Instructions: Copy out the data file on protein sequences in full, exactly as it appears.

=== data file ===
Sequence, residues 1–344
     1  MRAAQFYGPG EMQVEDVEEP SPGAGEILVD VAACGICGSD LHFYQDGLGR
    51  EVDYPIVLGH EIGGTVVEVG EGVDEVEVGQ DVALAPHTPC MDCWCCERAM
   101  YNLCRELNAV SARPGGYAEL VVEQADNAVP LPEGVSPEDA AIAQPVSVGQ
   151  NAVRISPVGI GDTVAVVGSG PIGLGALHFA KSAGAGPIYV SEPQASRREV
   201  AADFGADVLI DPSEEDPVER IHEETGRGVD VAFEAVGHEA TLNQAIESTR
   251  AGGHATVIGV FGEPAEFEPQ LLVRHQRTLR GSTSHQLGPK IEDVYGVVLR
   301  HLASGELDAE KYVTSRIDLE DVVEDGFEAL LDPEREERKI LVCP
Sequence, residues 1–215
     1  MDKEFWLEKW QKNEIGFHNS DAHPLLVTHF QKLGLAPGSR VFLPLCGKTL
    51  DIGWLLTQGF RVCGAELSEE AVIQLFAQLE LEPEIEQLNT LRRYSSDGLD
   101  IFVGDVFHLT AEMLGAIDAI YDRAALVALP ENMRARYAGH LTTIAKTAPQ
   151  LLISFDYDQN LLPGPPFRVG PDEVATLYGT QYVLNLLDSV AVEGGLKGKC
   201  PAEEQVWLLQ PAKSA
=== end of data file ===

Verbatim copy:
Sequence, residues 1–344
     1  MRAAQFYGPG EMQVEDVEEP SPGAGEILVD VAACGICGSD LHFYQDGLGR
    51  EVDYPIVLGH EIGGTVVEVG EGVDEVEVGQ DVALAPHTPC MDCWCCERAM
   101  YNLCRELNAV SARPGGYAEL VVEQADNAVP LPEGVSPEDA AIAQPVSVGQ
   151  NAVRISPVGI GDTVAVVGSG PIGLGALHFA KSAGAGPIYV SEPQASRREV
   201  AADFGADVLI DPSEEDPVER IHEETGRGVD VAFEAVGHEA TLNQAIESTR
   251  AGGHATVIGV FGEPAEFEPQ LLVRHQRTLR GSTSHQLGPK IEDVYGVVLR
   301  HLASGELDAE KYVTSRIDLE DVVEDGFEAL LDPEREERKI LVCP
Sequence, residues 1–215
     1  MDKEFWLEKW QKNEIGFHNS DAHPLLVTHF QKLGLAPGSR VFLPLCGKTL
    51  DIGWLLTQGF RVCGAELSEE AVIQLFAQLE LEPEIEQLNT LRRYSSDGLD
   101  IFVGDVFHLT AEMLGAIDAI YDRAALVALP ENMRARYAGH LTTIAKTAPQ
   151  LLISFDYDQN LLPGPPFRVG PDEVATLYGT QYVLNLLDSV AVEGGLKGKC
   201  PAEEQVWLLQ PAKSA